When Harvey Nash USA released the results of its 2013 CIO Survey, the trend was clearly toward a more strategic position for this executive-level position. But how is that manifested? Control over both budgets and technology is becoming more indirect for many CIOs, year over year.
Will an increase in indirect control in some areas, as in BYOD, mean more direct control in others?
Much recent coverage on IT Business Edge suggests to me that may be the case.
On innovation, the Harvey Nash CIO Survey says:
Perhaps it’s a matter of perception. Mike Vizard, writing about another survey, this one by Gartner on CIO objectives for 2013, found that “The good news is that there is now a lot more emphasis on business innovation versus cost cutting.” As CIOs use their direct influence to guide integration and data projects, the interconnected nature of technology creates new opportunities for innovation.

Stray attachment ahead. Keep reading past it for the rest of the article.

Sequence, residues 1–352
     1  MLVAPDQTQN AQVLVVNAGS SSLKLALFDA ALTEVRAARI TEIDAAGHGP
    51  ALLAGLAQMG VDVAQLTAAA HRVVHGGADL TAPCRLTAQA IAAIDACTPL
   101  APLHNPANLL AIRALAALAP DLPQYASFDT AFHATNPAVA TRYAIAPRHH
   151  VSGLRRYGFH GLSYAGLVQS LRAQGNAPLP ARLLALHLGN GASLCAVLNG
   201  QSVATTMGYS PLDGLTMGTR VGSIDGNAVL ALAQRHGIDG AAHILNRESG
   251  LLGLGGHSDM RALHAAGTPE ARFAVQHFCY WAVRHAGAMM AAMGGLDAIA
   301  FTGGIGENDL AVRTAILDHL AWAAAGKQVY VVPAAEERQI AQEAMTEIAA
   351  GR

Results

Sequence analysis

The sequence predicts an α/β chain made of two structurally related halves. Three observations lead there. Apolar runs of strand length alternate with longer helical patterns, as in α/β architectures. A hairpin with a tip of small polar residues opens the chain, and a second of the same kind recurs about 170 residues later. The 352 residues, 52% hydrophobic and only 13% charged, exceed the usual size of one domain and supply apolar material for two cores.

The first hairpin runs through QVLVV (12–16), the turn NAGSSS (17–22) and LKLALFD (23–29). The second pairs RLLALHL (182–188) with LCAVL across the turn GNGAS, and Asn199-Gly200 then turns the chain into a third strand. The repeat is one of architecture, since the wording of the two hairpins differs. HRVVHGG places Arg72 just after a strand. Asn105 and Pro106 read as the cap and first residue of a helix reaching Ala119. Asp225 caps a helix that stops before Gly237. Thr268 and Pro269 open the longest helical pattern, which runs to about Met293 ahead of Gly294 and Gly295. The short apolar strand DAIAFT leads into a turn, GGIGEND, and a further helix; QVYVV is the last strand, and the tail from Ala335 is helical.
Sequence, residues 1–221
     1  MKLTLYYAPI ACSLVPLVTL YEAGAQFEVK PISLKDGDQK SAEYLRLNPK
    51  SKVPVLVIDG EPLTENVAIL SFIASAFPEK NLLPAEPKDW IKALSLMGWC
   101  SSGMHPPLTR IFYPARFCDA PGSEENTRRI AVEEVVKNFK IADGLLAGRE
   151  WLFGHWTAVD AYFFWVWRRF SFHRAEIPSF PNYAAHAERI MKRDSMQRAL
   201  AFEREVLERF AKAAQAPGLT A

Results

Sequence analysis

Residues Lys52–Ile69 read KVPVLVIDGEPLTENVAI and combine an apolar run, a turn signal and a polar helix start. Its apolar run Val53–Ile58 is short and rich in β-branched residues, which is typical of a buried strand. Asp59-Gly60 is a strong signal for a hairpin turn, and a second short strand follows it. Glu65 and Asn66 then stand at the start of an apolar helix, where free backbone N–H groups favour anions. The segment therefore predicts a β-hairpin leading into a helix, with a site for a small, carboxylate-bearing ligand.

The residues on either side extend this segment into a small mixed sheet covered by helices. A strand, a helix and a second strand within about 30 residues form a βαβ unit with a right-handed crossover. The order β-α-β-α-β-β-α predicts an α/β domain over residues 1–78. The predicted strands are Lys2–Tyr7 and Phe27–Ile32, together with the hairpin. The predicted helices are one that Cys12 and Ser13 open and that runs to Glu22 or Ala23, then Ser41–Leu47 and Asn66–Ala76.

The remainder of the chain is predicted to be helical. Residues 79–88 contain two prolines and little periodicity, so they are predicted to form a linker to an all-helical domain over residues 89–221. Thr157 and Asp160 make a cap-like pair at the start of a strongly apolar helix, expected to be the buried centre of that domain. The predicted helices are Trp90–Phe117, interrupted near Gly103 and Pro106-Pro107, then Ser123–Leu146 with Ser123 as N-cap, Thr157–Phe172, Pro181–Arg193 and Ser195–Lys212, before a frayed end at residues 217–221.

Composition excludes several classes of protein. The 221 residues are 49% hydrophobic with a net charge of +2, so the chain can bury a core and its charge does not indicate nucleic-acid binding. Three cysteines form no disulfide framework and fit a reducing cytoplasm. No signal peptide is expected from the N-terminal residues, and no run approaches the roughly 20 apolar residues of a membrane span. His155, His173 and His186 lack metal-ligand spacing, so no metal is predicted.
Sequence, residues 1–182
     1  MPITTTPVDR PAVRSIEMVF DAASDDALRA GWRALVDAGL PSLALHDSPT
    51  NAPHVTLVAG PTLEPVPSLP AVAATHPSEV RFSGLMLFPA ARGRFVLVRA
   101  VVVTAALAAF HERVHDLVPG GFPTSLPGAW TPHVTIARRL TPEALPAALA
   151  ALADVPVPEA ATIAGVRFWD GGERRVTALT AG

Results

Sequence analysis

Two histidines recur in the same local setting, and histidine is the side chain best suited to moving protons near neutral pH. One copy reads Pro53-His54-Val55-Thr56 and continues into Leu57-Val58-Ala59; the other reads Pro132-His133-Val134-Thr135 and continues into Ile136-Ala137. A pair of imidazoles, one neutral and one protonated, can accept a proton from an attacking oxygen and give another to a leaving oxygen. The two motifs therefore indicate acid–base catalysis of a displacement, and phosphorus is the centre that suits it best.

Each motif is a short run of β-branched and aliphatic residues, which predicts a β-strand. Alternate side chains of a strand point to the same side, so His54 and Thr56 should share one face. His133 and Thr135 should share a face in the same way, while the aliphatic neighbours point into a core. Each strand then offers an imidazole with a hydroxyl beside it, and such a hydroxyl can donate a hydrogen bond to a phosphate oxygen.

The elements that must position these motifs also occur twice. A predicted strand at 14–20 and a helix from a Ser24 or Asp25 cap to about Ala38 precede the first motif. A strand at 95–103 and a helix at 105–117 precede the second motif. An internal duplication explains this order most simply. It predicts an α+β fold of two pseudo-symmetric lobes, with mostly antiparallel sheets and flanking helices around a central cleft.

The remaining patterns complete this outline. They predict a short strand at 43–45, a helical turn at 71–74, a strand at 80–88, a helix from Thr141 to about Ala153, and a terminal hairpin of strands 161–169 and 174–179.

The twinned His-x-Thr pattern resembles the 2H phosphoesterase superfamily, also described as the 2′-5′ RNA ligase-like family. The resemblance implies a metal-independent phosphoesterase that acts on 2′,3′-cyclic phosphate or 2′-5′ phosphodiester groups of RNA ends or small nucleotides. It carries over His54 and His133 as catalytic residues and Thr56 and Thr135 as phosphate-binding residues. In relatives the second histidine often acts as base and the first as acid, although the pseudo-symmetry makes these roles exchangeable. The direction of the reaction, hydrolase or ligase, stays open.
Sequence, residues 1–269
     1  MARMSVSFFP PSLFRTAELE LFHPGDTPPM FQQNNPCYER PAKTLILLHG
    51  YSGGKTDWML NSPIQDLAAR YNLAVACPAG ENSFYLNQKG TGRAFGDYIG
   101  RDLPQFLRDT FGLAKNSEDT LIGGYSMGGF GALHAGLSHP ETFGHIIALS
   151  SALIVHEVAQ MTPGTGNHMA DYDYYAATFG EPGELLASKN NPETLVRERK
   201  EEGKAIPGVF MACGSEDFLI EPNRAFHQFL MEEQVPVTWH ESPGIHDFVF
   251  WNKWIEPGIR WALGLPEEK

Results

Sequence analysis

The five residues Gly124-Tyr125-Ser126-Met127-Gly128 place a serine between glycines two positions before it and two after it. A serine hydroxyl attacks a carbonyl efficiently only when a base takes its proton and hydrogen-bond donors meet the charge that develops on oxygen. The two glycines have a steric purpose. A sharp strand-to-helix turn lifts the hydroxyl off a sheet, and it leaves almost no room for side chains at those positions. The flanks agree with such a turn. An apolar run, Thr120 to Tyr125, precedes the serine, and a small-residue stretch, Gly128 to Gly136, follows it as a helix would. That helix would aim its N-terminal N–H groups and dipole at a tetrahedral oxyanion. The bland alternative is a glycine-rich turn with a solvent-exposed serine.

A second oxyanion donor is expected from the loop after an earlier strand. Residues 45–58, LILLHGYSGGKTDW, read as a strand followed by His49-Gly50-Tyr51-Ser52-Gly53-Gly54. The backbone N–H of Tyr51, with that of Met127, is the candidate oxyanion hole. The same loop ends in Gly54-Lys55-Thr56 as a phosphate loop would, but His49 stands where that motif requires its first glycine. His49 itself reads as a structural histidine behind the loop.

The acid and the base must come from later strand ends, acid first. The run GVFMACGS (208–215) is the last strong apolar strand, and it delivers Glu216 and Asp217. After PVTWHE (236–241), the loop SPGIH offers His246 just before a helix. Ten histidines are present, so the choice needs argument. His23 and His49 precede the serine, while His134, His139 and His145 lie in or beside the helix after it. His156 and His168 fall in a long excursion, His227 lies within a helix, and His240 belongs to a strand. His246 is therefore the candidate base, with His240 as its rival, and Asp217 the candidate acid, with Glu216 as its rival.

On outsourcing, the Harvey Nash CIO Survey says:
IT staff hiring, at the same time, is up, too. Much of that hiring is driven by, you guessed it, the need to innovate, writes Susan Hall.
On investment in technology, the Harvey Nash CIO Survey says:
On women in IT, the Harvey Nash CIO Survey says:
Don Tennant has been researching these very issues for months, finding that “the idea that men are more tech-savvy than women is a myth that’s debunked by research on technology adoption among women,” and that “some of the qualities that make women such effective IT leaders are the very same ones that contribute to the gender inequality that those women suffer in the workplace.” Rob Enderle also observed that at the highest corporate levels, women are not doing all they can to mentor and support each other in career development and aspirations.